Stuart Campbell of Wings Over Scotland has helpfully moved forward the debate over indyref timing by arguing that the Scottish Government should go ahead and legislate for a second referendum without specifying a date. I would maybe quibble over whether this proposal stands outside the dispute over timing in quite the way that Stuart thinks, because what many of the people arguing for a long delay really want is for the whole issue of a referendum to fade from public debate, whereas legislating and perhaps triggering a challenge in the Supreme Court would have the opposite effect. Nevertheless, on paper at least, preparing the ground for a referendum without naming the day ought to be able to unite all shades of opinion on timing.
Two key points need to be added to the proposal in my view. Firstly, the Scottish Parliament should only go ahead and pass a Referendum Bill after the request for a Section 30 order has been revived and clearly rejected. To avoid further "now is not the time" delaying tactics, the UK government should be given a specific deadline for a definitive response to the Section 30 request, with a failure to give a clear "yes" or "no" by that date being interpreted as rejection. It must be plainly seen by the public that the Scottish government wanted an agreed process, and only legislated unilaterally after their overtures were spurned.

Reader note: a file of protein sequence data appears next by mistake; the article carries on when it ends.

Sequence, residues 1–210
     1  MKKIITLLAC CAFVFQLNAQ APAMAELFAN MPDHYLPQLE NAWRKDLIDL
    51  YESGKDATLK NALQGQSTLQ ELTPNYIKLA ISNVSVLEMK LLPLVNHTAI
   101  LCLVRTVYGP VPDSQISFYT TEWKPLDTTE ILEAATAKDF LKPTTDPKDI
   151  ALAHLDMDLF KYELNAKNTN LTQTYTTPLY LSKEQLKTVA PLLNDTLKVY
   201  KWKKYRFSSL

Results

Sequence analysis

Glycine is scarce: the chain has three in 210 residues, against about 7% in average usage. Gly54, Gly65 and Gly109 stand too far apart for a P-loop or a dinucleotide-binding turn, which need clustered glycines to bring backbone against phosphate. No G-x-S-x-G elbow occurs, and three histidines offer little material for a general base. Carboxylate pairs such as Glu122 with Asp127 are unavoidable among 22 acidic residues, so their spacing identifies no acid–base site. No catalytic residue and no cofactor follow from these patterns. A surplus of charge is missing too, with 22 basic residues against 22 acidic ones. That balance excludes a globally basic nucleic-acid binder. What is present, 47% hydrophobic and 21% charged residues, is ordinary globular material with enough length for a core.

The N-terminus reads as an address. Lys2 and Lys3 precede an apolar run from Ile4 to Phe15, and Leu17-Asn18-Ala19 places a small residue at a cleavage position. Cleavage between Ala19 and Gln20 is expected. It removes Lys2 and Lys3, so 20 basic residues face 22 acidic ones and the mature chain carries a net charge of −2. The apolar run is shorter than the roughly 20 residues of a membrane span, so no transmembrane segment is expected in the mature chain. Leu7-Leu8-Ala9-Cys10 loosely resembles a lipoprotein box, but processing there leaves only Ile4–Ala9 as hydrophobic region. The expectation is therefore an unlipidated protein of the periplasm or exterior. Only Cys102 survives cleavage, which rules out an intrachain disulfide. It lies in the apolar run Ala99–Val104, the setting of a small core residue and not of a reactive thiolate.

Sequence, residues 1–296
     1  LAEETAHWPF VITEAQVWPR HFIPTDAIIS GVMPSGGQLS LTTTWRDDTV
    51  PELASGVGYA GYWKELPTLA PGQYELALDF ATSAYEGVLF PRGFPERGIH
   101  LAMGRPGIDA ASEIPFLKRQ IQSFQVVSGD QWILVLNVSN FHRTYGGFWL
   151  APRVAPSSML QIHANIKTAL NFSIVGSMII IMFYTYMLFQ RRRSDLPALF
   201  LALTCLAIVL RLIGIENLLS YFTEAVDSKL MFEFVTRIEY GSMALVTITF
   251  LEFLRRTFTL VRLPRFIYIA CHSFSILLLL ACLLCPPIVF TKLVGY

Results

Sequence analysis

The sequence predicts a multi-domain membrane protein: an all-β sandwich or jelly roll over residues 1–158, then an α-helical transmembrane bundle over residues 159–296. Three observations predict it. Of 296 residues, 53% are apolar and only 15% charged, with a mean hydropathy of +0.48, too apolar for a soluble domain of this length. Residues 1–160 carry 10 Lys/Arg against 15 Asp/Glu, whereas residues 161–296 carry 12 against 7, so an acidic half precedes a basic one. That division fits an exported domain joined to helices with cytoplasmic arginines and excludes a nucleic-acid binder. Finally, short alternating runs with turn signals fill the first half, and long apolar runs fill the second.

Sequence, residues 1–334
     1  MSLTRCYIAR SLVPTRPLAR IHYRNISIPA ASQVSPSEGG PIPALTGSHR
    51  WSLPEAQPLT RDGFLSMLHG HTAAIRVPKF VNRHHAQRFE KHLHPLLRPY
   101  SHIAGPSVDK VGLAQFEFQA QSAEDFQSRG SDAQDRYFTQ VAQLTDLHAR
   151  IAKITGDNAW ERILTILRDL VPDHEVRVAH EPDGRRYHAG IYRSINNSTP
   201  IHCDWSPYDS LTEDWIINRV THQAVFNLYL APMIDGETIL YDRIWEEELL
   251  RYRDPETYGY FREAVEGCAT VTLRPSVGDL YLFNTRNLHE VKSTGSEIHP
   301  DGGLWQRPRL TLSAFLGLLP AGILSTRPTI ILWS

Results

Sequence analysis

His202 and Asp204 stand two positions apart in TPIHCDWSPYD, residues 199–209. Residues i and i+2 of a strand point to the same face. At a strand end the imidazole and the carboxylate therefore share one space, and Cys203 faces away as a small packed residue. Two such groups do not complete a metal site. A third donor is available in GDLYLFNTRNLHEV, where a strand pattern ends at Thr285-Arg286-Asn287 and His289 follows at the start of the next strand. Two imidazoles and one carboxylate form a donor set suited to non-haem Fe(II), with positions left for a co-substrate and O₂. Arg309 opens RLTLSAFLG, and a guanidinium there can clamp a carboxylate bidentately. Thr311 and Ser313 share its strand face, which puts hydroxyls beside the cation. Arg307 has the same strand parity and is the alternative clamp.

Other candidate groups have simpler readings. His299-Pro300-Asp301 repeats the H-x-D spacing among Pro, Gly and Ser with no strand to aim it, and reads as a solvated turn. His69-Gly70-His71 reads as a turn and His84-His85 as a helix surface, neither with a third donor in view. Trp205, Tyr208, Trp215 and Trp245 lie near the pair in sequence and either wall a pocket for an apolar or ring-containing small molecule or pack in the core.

Secondly, it's important to get the message across that any hypothetical rejection of a Referendum Bill by the Supreme Court will not lead to us all packing up and going home. Of course we would obey the law, and of course we would not hold a "wildcat referendum". Instead, we should make clear that if all other options are exhausted, the next Holyrood election will be used to seek an outright mandate for independence. A negative outcome in the Supreme Court would actually be helpful in the pursuit of that mandate, because it would provide clarity - Yes supporters would be under no doubt that the only way to achieve independence will be by turning out in huge numbers in a Holyrood vote.